Write It Down, Throw It Away: Easing Anger with Paper and Pen

Summary: Researchers identified an effective, straightforward method for managing anger: writing down feelings about a negative experience and then discarding the paper by shredding or throwing it away significantly reduces anger levels. This innovative study not only offers a practical anger management tool but also supports the therapeutic potential of physically interacting with objects to alter emotions.

By simulating a scenario where participants received unfairly harsh feedback, the study demonstrated that those who disposed of their written reactions experienced a return to baseline anger levels, unlike those who retained the document. This finding could revolutionize everyday strategies for dealing with stress and anger, drawing from traditional Japanese practices for emotional relief.

Key Facts:

  1. Writing about an anger-inducing incident and physically discarding the document almost entirely eliminates feelings of anger.
  2. The study emphasizes the lack of empirical support for many anger management techniques, proposing a simple, immediately applicable alternative.
  3. Participants who disposed of their written feedback showed a significant reduction in anger compared to those who kept it, highlighting the physical act of discarding as a key factor in anger management.

Source: Nagoya University

A research group in Japan has discovered that writing down one’s reaction to a negative incident on a piece of paper and then shredding it or throwing it away reduces feelings of anger. 

“We expected that our method would suppress anger to some extent,” lead researcher Nobuyuki Kawai said. “However, we were amazed that anger was eliminated almost entirely.” 

This shows an angry woman surrounded by scraps of paper.
Kawai imagines using his research to help businesspeople who find themselves in stressful situations. Credit: Neuroscience News

This research is important because controlling anger at home and in the workplace can reduce negative consequences in our jobs and personal lives. Unfortunately, many anger management techniques proposed by specialists lack empirical research support. They can also be difficult to recall when angry.  

The results of this study, published in Scientific Reports, are the culmination of years of previous research on the association between the written word and anger reduction. It builds on work showing how interactions with physical objects can control a person’s mood. 

For their project, Kawai and his graduate student Yuta Kanaya, both at the Graduate School of Informatics, Nagoya University, asked participants to write brief opinions about important social problems, such as whether smoking in public should be outlawed. They then told them that a doctoral student at Nagoya University would evaluate their writing.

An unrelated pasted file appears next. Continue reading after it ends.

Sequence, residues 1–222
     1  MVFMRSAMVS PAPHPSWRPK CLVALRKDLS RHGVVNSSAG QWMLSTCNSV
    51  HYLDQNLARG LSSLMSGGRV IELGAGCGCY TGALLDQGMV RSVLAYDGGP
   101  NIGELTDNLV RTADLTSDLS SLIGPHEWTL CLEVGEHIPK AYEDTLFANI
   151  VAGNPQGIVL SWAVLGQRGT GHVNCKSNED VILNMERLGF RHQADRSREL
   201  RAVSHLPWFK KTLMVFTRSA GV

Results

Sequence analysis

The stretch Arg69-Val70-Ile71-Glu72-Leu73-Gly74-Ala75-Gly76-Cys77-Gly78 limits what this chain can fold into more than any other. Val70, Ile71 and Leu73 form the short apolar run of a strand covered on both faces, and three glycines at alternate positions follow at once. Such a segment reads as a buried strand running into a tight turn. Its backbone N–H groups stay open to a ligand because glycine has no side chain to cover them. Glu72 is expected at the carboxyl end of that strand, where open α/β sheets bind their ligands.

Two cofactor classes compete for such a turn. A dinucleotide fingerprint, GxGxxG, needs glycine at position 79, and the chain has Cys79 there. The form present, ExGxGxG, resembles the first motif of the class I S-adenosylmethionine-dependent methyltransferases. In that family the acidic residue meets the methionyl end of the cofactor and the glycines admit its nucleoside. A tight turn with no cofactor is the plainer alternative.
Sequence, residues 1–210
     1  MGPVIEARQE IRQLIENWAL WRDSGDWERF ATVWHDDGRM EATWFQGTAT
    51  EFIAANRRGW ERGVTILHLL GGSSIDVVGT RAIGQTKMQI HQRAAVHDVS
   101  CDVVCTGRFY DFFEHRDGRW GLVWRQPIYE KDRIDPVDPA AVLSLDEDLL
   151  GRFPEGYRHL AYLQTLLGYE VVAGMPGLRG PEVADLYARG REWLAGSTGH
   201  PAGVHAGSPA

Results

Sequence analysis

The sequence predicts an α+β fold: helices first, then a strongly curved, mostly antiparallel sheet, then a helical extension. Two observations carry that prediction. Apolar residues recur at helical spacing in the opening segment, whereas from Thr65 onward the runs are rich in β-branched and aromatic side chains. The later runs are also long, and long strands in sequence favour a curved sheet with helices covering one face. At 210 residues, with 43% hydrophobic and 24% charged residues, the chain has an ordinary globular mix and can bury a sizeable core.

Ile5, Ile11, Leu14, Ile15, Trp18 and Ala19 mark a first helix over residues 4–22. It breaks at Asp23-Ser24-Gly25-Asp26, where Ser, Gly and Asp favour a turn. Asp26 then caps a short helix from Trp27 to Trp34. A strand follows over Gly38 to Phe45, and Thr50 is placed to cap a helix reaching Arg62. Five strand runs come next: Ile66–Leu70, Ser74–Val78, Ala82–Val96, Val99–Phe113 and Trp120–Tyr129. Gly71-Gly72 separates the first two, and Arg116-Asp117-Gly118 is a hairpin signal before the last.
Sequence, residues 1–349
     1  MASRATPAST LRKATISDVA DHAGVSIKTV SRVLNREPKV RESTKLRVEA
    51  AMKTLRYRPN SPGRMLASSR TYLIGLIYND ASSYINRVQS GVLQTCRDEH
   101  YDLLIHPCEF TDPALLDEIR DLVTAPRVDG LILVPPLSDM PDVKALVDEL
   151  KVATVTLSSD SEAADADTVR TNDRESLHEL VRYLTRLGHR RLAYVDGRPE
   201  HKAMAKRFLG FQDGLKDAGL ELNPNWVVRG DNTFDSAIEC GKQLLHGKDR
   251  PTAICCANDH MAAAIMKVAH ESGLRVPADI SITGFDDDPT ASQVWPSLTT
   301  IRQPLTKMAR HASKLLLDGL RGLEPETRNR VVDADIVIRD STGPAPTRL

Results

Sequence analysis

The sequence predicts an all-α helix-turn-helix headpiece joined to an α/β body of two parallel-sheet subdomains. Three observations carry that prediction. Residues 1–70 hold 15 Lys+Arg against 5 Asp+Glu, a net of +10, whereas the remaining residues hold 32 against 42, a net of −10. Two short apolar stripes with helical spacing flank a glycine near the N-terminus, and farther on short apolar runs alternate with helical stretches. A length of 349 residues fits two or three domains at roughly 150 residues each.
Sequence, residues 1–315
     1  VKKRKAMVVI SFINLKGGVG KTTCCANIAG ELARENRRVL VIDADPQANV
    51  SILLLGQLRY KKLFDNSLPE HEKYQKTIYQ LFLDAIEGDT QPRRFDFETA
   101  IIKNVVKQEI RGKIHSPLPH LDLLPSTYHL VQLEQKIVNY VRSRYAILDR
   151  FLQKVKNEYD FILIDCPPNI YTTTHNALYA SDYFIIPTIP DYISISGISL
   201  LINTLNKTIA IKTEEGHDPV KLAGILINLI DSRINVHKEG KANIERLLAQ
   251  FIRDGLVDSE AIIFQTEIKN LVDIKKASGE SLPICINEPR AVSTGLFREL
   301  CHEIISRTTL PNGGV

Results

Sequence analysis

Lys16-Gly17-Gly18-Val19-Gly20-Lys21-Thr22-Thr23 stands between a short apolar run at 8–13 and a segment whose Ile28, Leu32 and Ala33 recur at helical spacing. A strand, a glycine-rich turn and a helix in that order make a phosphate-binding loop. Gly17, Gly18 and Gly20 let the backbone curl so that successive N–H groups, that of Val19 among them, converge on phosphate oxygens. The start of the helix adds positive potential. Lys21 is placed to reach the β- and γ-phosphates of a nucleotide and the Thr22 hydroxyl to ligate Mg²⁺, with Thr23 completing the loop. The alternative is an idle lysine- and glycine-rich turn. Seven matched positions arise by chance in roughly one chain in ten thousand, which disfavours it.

However, the doctoral students doing the evaluation were plants. Regardless of what the participants wrote, the evaluators scored them low on intelligence, interest, friendliness, logic, and rationality.

To really drive home the point, the doctoral students also wrote the same insulting comment: “I cannot believe an educated person would think like this. I hope this person learns something while at the university”.  

After handing out these negative comments, the researchers asked the participants to write their thoughts on the feedback, focusing on what triggered their emotions.

Finally, one group of participants was told to either dispose of the paper they wrote in a trash can or keep it in a file on their desk. A second group was told to destroy the document in a shredder or put it in a plastic box.  

The students were then asked to rate their anger after the insult and after either disposing of or keeping the paper. As expected, all participants reported a higher level of anger after receiving insulting comments.

However, the anger levels of the individuals who discarded their paper in the trash can or shredded it returned to their initial state after disposing of the paper. Meanwhile, the participants who held on to a hard copy of the insult experienced only a small decrease in their overall anger.  

Kawai imagines using his research to help businesspeople who find themselves in stressful situations.

“This technique could be applied in the moment by writing down the source of anger as if taking a memo and then throwing it away when one feels angry in a business situation,” he explained.  

Along with its practical benefits, this discovery may shed light on the origins of the Japanese cultural tradition known as hakidashisara (hakidashi refers to the purging or spitting out of something, and sara refers to a dish or plate) at the Hiyoshi shrine in Kiyosu, Aichi Prefecture, just outside of Nagoya. Hakidashisara is an annual festival where people smash small discs representing things that make them angry.

Their findings may explain the feeling of relief that participants report after leaving the festival.

About this anger management and psychology research news

Author: Matthew Coslett
Source: Nagoya University
Contact: Matthew Coslett – Nagoya University
Image: The image is credited to Neuroscience News

Original Research: The findings will appear in Scientific Reports

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